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We are moving to SQL Server 2014 Expensive Edition Q1 next year. Right now we are on SQL Server 2005 Standard Edition, so we don't have access to the oh-so-wonderful MIRROR TO option for our backups (We use Ola Hallengren's scripts).

Right now we are using robocopy to copy files over to a network share just in case our backups stored locally become corrupt, lost, or decide to take a nice long vacation. My question is, when we use the MIRROR TO option, is it any more/less resource intensive than just using robocopy, xcopy or a Powershell solution? What exactly happens when we use MIRROR TO in SQL Server? Looking for a bit of a 'nuts and bolts' answer, if possible.

  • It seems you are asking out of curiosity. Or are you trying to make a decision? Are you asking for advice on what to do? – usr Dec 31 '14 at 17:35
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    This is, primarily, out of curiosity. However, since I will have this function available to me once we upgrade, I thought I would ask and see if anyone knew any advantages or disadvantages to it and try to gain some understanding to the 'under the hood' working of this feature. – Kris Gruttemeyer Dec 31 '14 at 17:37
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I'm guessing here based on how I'd implement MIRROR TO:

Probably, SQL Server streams the backup data to two backup devices if you use MIRROR TO. This means that every block they read is written two times. The data stream has a fork.

What they are certainly not doing is write the data once and then copy it over. That would a) incur an additional read pass over the data and b) also open a window for data corruption while only a single copy of the backup exists. From an implementors standpoint it is less work to fork the stream and it has a better result. That's why I think they're doing that way.

This means that MIRROR TO is less resource intensive than copying the data files after the backup has succeeded. It also has less room for data corruption. Data corruption is rare but a practical concern. Memory, disk and network all can have undetected bit flips. (Yes, TCP does not 100% protect from that.)

Advice given the fact that Enterprise Edition will become available to you: Use MIRROR TO. It results in less resource usage and less potential for (undetected) backup corruption. It also automates stuff that you can get wrong when you are doing it manually. SQL Server is certainly tested better than most in-house script development. The only reason not to use it would be if your backup process cannot easily be modified to use it.

One additional point: If the mirror cannot be written the backup will fail. This can be a downside (you probably exceed your RPO objective). It can be an upside because errors are more likely to be detected.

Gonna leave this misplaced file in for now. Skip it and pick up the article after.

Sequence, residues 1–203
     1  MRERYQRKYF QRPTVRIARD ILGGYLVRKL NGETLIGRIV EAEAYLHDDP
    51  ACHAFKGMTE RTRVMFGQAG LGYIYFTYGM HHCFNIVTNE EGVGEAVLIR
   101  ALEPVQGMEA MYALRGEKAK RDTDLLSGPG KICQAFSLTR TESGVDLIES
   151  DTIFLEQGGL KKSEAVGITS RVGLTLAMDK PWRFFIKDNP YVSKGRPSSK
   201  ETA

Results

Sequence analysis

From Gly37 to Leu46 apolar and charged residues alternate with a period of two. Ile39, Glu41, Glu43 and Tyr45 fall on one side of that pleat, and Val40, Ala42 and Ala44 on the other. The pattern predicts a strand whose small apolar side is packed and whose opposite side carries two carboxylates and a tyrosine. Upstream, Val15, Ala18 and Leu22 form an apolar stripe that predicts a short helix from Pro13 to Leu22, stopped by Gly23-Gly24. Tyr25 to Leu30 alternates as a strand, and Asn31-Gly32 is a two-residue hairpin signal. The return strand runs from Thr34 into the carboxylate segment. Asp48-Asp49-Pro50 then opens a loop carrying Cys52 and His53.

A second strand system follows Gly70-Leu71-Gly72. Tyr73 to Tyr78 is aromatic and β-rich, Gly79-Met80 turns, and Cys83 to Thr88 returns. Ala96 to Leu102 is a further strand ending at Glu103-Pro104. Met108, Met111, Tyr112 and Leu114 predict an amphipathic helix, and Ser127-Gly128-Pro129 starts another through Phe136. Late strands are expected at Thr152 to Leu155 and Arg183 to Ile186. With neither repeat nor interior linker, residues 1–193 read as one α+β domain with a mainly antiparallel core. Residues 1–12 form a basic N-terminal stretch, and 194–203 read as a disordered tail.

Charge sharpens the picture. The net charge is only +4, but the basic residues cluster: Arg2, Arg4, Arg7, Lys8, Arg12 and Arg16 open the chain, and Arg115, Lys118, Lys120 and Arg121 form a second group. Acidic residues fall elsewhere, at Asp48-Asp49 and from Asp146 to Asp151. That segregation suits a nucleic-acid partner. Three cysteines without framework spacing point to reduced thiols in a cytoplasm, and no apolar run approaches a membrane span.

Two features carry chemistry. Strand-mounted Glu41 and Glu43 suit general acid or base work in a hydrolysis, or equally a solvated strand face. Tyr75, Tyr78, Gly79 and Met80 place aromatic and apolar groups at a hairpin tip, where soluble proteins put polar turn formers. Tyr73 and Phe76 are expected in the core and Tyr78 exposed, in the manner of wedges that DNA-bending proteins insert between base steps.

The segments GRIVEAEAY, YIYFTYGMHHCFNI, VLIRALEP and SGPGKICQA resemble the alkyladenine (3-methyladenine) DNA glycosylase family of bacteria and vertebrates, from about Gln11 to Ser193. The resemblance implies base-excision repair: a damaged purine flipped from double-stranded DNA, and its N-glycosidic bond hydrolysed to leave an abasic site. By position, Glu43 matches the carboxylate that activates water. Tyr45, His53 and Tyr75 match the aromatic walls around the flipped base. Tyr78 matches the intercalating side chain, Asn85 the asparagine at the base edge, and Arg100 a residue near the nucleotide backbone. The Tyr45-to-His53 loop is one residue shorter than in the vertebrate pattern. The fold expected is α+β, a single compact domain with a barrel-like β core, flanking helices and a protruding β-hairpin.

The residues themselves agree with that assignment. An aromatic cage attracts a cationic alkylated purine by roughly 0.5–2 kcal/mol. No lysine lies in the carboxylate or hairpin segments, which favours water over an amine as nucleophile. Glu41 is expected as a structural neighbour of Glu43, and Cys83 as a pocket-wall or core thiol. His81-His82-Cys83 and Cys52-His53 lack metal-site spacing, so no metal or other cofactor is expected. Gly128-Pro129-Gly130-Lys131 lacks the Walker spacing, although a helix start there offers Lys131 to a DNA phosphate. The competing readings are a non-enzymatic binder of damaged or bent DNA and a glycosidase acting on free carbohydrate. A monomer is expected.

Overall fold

As mentioned by Paul White in the comments: If one of the backup destinations is slow (or all data is flowing over the same saturated network link) the backup might take a lot longer than before. In case of a saturated network link it might be faster to locally duplicate the backup file on the target server.


This theory can be tested: Back up the database to two IO devices that have identical perf characteristics using MIRROR TO. If I'm correct you should observe only a tiny slowdown because the writes are streaming and parallel.

I performed this benchmark myself. Backing up from SSD (very fast) to two (almost) identical magnetic drives. Using data compression (but the CPU was not maxed out).

  • Mirror: 1:37.
  • No mirror: 1:10 to drive 1.
  • No mirror: 1:14 to drive 2.

This slowdown (1:37 vs. 1:14) is well within the tolerance of my theory. There seem to be some overheads but there certainly is no separate mirroring/copy phase. Using Process Explorer I observed IO measured in MB/sec. It was fairly constant. This also hints that there is no separate phase. Writes seem to be parallel to both drives.

  • I really would love to mark this as answer but is there any sort of documentation or resource that can confirm this or back it up? – Kris Gruttemeyer Dec 31 '14 at 17:58
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    I can find only superficial coverage of MIRROR TO on the web. You can test my theory: Back up the database to two IO devices that have identical perf characteristics using MIRROR TO. If I'm correct you should observe only a tiny slowdown because the writes are streaming and parallel. – usr Dec 31 '14 at 18:23
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    Actually, I tested this now (curiosity took over): Backing up from SSD (very fast) to two (almost) identical magnetic drives. Using data compression (but the CPU was not maxed out). Mirror: 1:37. No mirror: 1:10 to drive 1. No mirror: 1:10 to drive 2. This slowdown is well within the tolerance of my theory. – usr Dec 31 '14 at 18:31
  • Perfect, that definitely backups what you've said. Thanks so much! I will award the bounty once I am able to (22 hours) – Kris Gruttemeyer Dec 31 '14 at 18:33

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